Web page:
Those attending a sold-out concert at Koerner Hall in Toronto on December 1st, were fortunate to have experienced the award winning Sultans of String celebrating the premier of their forth CD, “Symphony!” To perform the album live, the fi ve band members were joined by the Cathedral Bluff s Symphony Orchestra.
Th is was a project three years in the making. Their original instrumentals off er a layered tapestry of rhythms and melodies combining Spanish Flamenco, Gypsy Jazz, Middle-Eastern Folk, Celtic Folk, and Cuban percussion. Many of the songs tell stories of people and places in Canada and around the world. The music is full of dramatic energy, technically astounding, and quite playful. Before leaving on a whirlwind five-state US tour, we took the opportunity to speak with group leader, JUNO Award Nominee, and Beaches resident, Chris McKhool.
“I could probably sing a scale before I could talk,” admits McKhool, who was raised in Ottawa, where his mother taught piano in their home. His older brother and sister both took piano lessons; it was decided at age seven that Chris would study another instrument: “We settled on the violin.”
He learned to play by ear and later received training at the Royal Conservatory. Th ough classical music was emphasized at home, as a teenager Chris began exploring other genres. “I realized you could learn three of four chords on the guitar and play pretty much everything on the radio, so I started writing my own songs. I played in various folk rock bands, playing my own music on guitar, and then started getting interested in jazz.“
Chris moved to Montreal at eighteen; at 28 he came to Toronto. “I moved direct to the beaches; I’ve been here ever since. It’s such a beautiful part of the city. I love the world class stores and great access to the beach, the water, and trails. It’s got a more laid-back feel than downtown.”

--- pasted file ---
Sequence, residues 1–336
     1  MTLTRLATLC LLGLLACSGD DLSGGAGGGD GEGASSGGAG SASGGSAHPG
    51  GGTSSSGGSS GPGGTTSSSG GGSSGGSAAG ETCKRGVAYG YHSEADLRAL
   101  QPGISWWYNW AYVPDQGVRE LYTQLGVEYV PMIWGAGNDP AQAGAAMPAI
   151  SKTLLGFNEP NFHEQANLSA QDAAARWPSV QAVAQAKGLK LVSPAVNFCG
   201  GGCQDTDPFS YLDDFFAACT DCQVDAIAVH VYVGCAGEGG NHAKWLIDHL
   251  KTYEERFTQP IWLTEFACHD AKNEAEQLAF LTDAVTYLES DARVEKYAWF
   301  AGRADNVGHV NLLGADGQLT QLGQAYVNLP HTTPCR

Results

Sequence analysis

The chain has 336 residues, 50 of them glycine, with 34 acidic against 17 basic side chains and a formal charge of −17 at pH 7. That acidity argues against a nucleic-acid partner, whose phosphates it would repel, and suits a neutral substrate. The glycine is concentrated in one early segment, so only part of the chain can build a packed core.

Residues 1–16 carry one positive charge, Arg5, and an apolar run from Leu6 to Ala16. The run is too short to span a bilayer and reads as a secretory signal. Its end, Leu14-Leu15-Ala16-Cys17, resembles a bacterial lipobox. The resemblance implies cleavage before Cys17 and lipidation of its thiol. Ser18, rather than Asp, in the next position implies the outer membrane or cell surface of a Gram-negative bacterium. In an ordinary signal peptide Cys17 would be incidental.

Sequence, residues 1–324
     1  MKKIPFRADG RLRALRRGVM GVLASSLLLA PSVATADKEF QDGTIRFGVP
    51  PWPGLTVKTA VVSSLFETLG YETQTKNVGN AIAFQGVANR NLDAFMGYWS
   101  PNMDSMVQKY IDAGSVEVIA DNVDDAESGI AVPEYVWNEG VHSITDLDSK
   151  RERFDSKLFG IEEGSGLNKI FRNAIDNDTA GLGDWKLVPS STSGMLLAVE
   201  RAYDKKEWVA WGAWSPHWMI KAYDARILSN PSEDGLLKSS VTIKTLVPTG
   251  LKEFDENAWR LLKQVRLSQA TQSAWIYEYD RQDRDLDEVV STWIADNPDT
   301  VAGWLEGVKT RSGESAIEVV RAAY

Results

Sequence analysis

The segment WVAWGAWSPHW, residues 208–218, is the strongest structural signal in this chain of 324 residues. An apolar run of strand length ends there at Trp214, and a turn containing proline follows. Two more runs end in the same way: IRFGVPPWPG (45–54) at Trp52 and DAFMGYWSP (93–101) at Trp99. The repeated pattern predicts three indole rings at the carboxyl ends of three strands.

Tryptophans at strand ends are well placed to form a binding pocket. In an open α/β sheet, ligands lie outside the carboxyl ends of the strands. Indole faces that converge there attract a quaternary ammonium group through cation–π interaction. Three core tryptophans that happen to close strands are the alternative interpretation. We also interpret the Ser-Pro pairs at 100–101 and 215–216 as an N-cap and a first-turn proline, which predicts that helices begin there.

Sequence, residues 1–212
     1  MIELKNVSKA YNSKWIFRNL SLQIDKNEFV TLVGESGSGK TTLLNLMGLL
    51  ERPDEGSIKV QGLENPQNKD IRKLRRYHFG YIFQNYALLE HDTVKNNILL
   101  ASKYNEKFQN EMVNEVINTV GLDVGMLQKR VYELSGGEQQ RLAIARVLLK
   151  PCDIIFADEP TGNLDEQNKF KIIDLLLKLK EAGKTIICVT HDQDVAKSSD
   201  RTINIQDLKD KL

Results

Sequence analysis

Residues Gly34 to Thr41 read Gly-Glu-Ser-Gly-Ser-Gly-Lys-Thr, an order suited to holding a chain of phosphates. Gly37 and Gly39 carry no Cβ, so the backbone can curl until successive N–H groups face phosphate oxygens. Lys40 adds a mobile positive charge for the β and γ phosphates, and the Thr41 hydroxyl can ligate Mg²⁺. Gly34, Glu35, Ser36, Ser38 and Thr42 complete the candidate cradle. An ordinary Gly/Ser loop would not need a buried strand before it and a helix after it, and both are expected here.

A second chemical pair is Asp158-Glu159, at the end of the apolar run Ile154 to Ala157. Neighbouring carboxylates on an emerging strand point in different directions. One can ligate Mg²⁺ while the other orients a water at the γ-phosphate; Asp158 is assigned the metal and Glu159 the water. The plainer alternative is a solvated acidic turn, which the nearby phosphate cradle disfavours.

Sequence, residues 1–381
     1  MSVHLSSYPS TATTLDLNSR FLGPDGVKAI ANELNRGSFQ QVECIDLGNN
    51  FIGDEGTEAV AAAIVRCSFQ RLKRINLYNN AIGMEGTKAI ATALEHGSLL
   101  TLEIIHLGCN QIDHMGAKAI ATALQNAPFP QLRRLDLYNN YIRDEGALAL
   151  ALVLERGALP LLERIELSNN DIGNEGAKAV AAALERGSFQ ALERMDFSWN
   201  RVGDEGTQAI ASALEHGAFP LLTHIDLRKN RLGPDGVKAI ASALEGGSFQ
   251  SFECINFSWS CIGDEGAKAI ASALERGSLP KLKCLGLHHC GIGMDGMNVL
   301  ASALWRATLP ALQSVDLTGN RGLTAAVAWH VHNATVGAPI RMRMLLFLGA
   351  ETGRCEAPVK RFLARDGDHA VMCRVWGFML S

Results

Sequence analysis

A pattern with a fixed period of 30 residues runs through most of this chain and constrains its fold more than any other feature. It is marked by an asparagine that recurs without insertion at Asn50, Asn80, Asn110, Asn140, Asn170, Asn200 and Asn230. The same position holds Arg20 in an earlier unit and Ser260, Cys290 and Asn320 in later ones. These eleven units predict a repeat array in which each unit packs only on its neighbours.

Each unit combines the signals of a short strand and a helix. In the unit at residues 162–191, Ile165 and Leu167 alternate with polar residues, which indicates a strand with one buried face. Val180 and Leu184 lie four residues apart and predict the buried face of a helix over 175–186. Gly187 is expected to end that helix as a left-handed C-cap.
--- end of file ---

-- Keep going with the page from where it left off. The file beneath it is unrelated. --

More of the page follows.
Discovering a cultural heritage
“Most people think because my name is McKhool and I play violin or fi ddle I must be Irish or Scottish, but actually it would be pronounced ‘Mahool’ in Kfarmishki, Lebanon, where my grandparents are from.”
As an adult, Chris began to take greater interest in his heritage and decided that music could off er some insight. He attended the Arabic Music Retreat in Massachusetts and began taking lessons from master players.
In what he describes as “the trip of a lifetime,” he and his eighty-year-old father flew to Beriut where they located his father’s closest living cousin. They also found the actual stone house where his grandfather grew up. Their reunion was celebrated by great Arabic feast.
The memories of that trip were the inspirational spark that he used to compose ‘Road to Kfarmishki’.
Encouraging an Eclectic Personality
Chris McKhool met his songwriting partner, rumba flamenco guitarist Kevin Laliberté, in 1992 while playing jazz in a small venue. “We ended up getting a bunch of gigs where we had three hours to fill and only knew a handful of songs, so we’d make a lot of music up on the spot.” Though they initially called themselves ‘Laliberté and McKhool’ — “Which sounded more like a law firm than a band” — in 2007 they changed their name to ‘Sultans of String’, began getting better gigs, then released Luna, their first CD. Adding professional jazz bassist Drew Birston, the group became a trio.
With the release of their second CD, Yalla Yalla in 2009, flamenco guitar player Eddie Paton joined the group, along with Cuban percussionist Chendy Leon. “By the third album, MOVE, we were arranging a lot of the music together as a band,” discovering a unique artistic voice.
“The strength of the music comes from everyone throwing in their opinions and ideas.” When writing a song the band will try different arrangements and styles just to see which suits the song best. The influences from around the world are brought together provide in their music a real eclecticism and personality.
Down the Road
Though he loves traveling, “It’s a great way to learn about the world and other people,” Chris admits it’s not easy to be on tour. “We’ve got concerts into 2015, but we don’t do six months on the road in the van because we love our wives and children too much. We’ll hit a market for a few days and then come back.”
Internationally successful, the Sultans remain a Canadian band. In fact, they consider themselves a Toronto band. The city is so diverse, with numerous influences and world class musicians coming together from all over the globe. When asked about future plans, Chris said he would like to produce an album with guest-star vocalists.
He’d also like to collaborate with a sitar player that he’s recently met, playing music influenced by India and Pakistan.
“This Symphony! project has been so huge, so complex,” said Chris, “that I’m intrigued by the idea of stripping it right down and doing a duo album with Kevin. All of these ideas become projects and tours that take on a life of their own.”
The band has been juried onto the first ballot of the 56th Annual Grammy Awards. Officially nominations will be announced December 6.
For more information visit sultansofstring.com.
by Kevin Davies